“Owen succeeded! After he failed. Or succeeded.”

I love John Piper’s biographical sketches every year.  At the 1994 Pastor’s conference, he did one on John Owen.  The transcript was made into a book, Contending for Our All, but as is usually the case, the actual message that he delivered (on 3.5 hours of sleep!), is so much more dynamic and engaging than the printed manuscript.  I highly recommend listening to the message, even if you’ve had a chance to read it.

Owen, vol. 13 contains "Nonconformity Vindicated." Bunyan, vol. 3 contains "Pilgrim's Progress"

Owen, vol. 13 contains “Nonconformity Vindicated.”
Bunyan, vol. 3 contains “Pilgrim’s Progress”

I had no idea that John Owen’s and John Bunyan’s lives intersected so dramatically.  I knew that Bunyan had written Pilgrim’s Progress while in jail.  I never put the pieces together, that Owen was even a contemporary, much less the role he played as parts of God’s remarkable providence.  Owen spoke highly of Bunyan’s preaching, and had a pivotal role in Bunyan’s getting published.  Here’s how Piper tells it, transcripted directly from the talk, with lots of fun little Piperisms throughout:

This is another glorious illustration of “behind a frowning providence there hides a smiling face,” and we need all the stories we can get, because we are spring-loaded not to believe that.  Owen finds out that Bunyan is in prison.  He works and works and works with all his connections in high places to get him released, and he fails.  Bad, right?  Bad.  The biography I was reading that told this story said, “and after his failure, in 1676, Bunyan walks out of the Bedford jail with a  manuscript the worth and importance of which can scarcely be comprehended.”  Was the failure to get Bunyan out of jail a failure?  Ask yourself.  After the Bible there is no other book in the world, I believe, printed so often or having such a widespread Christian influence as Pilgrim’s Progress.  Had Owen succeeded, we wouldn’t have it, probably.  Brothers, you must not judge quickly your prison experiences. You must not judge them quickly.  I bet Bunyan died, he died 5 years after Owen, without knowing that it would have been worth it.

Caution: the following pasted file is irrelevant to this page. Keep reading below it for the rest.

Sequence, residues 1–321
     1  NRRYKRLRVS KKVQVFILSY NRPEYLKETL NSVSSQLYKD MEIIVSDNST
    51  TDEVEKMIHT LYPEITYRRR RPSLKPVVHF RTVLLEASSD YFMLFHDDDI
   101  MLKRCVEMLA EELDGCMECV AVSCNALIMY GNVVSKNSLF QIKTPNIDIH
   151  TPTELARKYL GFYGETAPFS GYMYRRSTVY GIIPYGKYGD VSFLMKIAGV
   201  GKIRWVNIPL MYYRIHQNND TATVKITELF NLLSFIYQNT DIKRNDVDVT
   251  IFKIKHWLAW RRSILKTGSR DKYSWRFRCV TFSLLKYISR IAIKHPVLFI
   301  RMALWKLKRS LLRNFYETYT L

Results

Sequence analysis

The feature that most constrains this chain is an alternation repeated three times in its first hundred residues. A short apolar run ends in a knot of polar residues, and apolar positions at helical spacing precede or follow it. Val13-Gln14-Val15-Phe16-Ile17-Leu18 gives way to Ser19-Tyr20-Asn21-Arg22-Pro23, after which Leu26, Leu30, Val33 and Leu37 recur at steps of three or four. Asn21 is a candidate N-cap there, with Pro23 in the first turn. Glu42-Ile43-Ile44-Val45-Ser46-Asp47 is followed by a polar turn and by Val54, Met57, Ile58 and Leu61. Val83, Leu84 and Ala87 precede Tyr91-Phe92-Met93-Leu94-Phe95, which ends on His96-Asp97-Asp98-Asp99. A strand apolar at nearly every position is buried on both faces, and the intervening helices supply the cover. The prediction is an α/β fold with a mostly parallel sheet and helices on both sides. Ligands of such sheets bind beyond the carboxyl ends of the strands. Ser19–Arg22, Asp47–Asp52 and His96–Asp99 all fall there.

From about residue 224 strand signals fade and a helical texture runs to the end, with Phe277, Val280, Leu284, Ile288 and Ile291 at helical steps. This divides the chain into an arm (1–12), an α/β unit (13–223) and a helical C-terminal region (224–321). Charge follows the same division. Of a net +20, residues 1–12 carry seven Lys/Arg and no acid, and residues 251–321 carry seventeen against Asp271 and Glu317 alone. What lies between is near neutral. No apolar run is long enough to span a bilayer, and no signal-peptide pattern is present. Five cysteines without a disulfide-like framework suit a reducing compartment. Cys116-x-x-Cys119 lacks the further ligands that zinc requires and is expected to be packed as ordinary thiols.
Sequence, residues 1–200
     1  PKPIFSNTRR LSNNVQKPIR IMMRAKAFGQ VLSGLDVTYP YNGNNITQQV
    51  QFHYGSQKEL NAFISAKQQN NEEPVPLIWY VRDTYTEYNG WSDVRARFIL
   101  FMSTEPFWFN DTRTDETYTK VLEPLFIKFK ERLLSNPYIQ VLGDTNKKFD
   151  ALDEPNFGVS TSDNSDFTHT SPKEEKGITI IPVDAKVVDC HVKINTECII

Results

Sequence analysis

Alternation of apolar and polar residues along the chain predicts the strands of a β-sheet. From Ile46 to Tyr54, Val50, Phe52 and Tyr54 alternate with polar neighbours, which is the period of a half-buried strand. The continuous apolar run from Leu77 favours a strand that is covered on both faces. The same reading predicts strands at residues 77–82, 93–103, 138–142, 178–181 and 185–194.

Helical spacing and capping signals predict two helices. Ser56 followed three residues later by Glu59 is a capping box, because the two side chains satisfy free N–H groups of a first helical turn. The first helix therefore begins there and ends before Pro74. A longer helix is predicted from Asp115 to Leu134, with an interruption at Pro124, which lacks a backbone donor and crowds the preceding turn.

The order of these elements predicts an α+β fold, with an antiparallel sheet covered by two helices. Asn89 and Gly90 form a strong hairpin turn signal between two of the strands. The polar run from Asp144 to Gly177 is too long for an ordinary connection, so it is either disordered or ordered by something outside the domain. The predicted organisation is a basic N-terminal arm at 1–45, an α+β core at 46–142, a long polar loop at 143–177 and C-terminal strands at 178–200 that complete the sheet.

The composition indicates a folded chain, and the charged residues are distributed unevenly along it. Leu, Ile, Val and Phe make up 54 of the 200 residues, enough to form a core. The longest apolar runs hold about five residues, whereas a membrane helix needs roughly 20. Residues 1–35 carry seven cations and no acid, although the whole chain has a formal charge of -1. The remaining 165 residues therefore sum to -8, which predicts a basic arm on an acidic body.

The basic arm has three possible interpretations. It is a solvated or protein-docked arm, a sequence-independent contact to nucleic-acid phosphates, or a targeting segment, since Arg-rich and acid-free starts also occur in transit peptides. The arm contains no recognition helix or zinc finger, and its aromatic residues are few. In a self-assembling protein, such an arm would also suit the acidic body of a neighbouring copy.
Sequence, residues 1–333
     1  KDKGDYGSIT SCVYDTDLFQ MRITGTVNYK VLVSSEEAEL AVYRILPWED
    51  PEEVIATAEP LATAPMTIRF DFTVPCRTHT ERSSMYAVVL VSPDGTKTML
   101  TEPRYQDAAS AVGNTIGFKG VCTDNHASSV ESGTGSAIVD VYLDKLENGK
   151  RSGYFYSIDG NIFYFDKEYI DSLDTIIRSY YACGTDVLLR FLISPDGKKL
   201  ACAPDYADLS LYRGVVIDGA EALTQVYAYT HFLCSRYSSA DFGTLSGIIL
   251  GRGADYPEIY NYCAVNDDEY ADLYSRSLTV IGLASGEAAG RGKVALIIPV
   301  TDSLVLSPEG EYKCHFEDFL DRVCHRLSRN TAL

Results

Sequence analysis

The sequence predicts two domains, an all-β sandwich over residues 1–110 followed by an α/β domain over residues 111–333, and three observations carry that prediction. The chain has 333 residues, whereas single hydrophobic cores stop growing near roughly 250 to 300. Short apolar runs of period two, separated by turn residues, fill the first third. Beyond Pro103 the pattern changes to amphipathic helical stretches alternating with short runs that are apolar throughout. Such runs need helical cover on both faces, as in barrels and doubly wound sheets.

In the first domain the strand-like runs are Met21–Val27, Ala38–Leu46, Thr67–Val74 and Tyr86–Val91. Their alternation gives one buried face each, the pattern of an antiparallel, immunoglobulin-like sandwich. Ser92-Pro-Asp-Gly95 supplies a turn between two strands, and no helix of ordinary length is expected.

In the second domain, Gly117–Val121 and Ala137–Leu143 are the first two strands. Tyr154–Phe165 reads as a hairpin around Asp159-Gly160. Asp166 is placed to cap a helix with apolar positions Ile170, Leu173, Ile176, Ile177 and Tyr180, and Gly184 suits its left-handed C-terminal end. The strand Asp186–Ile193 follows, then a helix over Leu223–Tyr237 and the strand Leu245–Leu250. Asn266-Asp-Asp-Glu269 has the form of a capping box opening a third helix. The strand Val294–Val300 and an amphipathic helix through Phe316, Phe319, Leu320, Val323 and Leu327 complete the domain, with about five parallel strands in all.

The story’s not over.  Owen reads the manuscript, and says, “I think this is worth something.”  But here’s a tinker, he knows zero about the publishing industry, he’s got no connections, Owen knows everybody in London, he’s a big wheel, he doesn’t get persecuted because he’s got such connections, he finds Nathaniel Ponder who’s been publishing his books now for a dozen years, and he says “Ponder, publish this book!” and Ponder makes a mint, and sends John Bunyan’s book into orbit.  So Owen succeeded! After he failed. Or succeeded.  He succeeded painfully and he succeeded pleasantly.  And life is just made up like that for Christians.  That’s all we do is succeed.  Either painfully and regretfully or pleasantly.  He died 1683, August 24, he was buried in Bunhill Fields, and 5 years later, Bunyan is buried in the same place, today.

Which I thought was just a tremendous little providence of the Lord to say, here’s a man who lived his whole life for tolerations’ sake, and here’s a Baptist tinker, and they’re lying dead beside each other and both of them today speaking majestically but Bunyan speaking a lot louder than the scholar.

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2 thoughts on ““Owen succeeded! After he failed. Or succeeded.”

  1. Pingback: “Sweet Will be the Flower” | biblioskolex

  2. Pingback: Logic on Fire: why I transcribe sermons | biblioskolex

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